For some, exercising while listening to music is a must. Others may find it too distracting. This is a subject that the scientific community has spent a fair amount of time on with findings that are fairly conclusive.
According to a 2009 Livescience article, appropriate music does have a positive effect on working out. Several decades worth of research has been conducted at Brunel University in Britain regarding the link between music and exercise.
The Role of Rhythm
Not surprisingly, factors like our preference for a certain genre and relevance to our musical background do influence exercise. When people listen to music they like, they experience a more efficient workout. But when people listen to music with rhythm that synchronizes with their heart rate, they experience even greater workout efficiency. One study found that this synchronization with music led to a 15% increase in endurance.
The Speed Factor
In another study published in the Scandinavian Journal of Medicine & Science in Sports, an interesting link was found between music tempo (speed) and exercise efficiency. 12 male cyclists were put through a cycling workout. Each subject selected their own workout rate, but all were played the same selection of six popular music tracks. The workout was repeated three times. Unbeknownst to the subjects, the tempo was played at normal speed, increased by 10% and decreased by 10%
These imperceptible adjustments did result in a change in overall workout. When the tempo was increased, the participants peddled faster, with greater power and increased pedal cadence. When it was decreased pedal speed, power and cadence decreased as well. The implication is clear. Faster tempo, either intrinsic to the music or artificially increased, results in greater work rate. This is due to fast-tempo music providing both distraction and motivation.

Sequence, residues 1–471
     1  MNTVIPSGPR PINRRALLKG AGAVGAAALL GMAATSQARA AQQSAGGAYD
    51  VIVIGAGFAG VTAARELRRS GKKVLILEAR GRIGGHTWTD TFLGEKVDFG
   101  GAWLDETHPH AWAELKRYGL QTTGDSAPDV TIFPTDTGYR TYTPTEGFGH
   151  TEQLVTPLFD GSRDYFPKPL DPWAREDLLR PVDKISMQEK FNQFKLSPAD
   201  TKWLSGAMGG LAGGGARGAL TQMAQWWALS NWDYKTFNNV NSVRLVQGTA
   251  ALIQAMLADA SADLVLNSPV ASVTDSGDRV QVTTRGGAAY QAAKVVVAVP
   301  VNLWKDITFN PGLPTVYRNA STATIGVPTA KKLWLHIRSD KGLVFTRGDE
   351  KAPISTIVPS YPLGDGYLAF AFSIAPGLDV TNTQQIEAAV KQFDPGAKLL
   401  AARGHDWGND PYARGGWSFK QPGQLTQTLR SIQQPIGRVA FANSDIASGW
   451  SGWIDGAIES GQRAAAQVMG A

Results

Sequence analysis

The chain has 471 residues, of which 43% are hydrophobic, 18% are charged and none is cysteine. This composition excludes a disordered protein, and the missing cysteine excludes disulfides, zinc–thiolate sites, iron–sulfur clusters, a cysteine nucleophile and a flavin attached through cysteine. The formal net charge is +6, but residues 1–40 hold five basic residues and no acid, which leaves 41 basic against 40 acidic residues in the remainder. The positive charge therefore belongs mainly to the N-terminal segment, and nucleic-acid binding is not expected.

So what kind of music is best for a workout? Science has something to say about workout music as well. A Scientific American article discusses research about our preferences for workout music. The important factors for selecting the right music for your workout playlist are tempo and “rhythm response,” which is simply how much a song motivates you to move.
With regard to tempo, songs of at least 120 beats per minute (bpm) are preferred with 140 to 160 bpm usually being the most effective. A plateau effect seems to occurs around 145 bpm, with faster music resulting in minimal increase in exercise efficiency.
As for rhythm response, this is more subjective. If there’s a type of music or an artist you like, listen to it. The enjoyment factor will serve as a distraction from discomfort, if nothing else. Music that suits your taste and also makes you want to get off the couch and get moving is even better.
If you’re looking for motivation to exercise or want to push your workout a bit further, add music to your regimen. The research is abundant and conclusive. Music motivates on a measurable level and will help move you into a healthier lifestyle.